The terms roasting and baking are today to a great extent interchangeable and are used to describe the operation of cooking in an enclosed and heated space. The heat is conveyed to the food partly by conduction through the metal runners and sheets on which the food is placed, but mainly either through direct radiation from the walls of the oven or by convection currents in the heated air. In some ovens described below the heat is conveyed almost entirely by convection currents, the oven being designed with an electric fan which develops forced air convection. This increases the rate of flow of the heated air and consequently the rate of transfer of heat to the food. Usually the term roasting is applied to the cooking of meat and vegetables while standing in hot fat in an oven.
Originally roasting was carried out on a spit in front of a fire, no oven being used, but today for reasons of efficiency and cleanliness the oven has taken the place of the spit. The advantages of the method of cooking on a spit have however been re-valued recently and electrically driven rotisseries have come into use particularly for poultry, game and small joints. The operation of baking covers the use of the oven in the making of bread, cakes: pastry and made up dishes, and for this purpose no other piece of equipment is possible. In both baking and roasting a fundamental factor is the production of food with an attractive external appearance. the result of cooking in the dry radiant heat of an enclosed space.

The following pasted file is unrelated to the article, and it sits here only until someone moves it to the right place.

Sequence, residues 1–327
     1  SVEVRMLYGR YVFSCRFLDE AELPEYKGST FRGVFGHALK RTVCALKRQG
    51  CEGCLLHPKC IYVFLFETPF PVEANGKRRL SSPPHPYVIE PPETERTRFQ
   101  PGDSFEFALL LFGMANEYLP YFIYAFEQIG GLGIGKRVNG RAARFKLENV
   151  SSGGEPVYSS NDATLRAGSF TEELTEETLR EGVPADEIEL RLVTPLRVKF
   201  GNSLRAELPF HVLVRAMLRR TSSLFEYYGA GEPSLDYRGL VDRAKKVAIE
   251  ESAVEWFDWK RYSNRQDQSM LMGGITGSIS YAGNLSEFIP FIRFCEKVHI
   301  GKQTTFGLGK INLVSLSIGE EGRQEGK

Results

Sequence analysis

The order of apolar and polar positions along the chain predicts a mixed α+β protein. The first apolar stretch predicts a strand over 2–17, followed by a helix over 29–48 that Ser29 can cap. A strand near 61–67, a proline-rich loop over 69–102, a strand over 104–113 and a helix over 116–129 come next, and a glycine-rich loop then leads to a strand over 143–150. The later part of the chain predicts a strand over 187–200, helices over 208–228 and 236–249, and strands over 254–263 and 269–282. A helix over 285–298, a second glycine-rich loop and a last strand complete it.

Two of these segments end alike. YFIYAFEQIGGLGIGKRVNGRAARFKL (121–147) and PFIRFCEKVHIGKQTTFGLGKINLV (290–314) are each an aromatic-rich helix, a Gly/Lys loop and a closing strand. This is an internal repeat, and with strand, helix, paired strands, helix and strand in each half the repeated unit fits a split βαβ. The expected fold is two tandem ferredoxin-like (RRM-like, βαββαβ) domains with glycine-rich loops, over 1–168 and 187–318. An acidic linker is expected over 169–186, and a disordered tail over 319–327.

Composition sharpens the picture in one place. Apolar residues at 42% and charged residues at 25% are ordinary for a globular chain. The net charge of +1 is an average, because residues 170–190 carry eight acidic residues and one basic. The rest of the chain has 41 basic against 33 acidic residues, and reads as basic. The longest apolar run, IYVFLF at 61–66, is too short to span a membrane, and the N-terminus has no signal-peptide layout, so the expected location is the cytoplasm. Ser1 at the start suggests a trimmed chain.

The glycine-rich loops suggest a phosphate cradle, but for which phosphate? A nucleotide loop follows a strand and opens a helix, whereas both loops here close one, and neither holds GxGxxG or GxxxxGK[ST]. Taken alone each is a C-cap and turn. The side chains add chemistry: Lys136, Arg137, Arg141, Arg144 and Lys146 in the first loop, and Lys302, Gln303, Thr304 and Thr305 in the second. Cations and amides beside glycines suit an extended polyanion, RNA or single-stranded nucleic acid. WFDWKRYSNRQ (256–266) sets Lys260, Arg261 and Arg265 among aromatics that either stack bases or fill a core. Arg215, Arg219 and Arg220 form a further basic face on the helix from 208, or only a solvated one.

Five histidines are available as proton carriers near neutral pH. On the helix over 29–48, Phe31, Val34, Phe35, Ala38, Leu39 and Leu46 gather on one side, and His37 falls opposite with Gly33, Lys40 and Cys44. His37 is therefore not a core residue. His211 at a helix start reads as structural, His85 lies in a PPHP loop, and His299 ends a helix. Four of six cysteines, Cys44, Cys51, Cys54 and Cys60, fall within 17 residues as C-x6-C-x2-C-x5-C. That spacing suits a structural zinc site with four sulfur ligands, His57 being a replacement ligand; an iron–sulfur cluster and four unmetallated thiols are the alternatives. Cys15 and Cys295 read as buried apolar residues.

The process of grilling is closely allied to roasting and baking but in this case an oven is unnecessary. The source of radiant heat may be either incandescent fuel, as on an open fire grill, or red hot metal, as in a gas or electric grill. The heat may be applied from above or below, and historically the term grilling is applied to the latter only–the open fire grill. A grill which applies top heat is often referred to as a Salamander, a term which originates from the early practice of obtaining a brown surface on food during cooking by the application of red hot iron. The Salamander was a circular iron plate carried at the end of a long rod; this was heated until red and then passed slowly over the surface of the food.
In the process of frying heat transfer by radiation is not used at all. Instead, the food is cooked by the conduction of heat through a bath of hot fat in which it is totally or partially immersed. By this method there is a very rapid transfer of heat to the food and although the temperature of the fat is much lower than that of the elements used in grilling, the temperature at the surface of the food may be quite as high in frying as in grilling.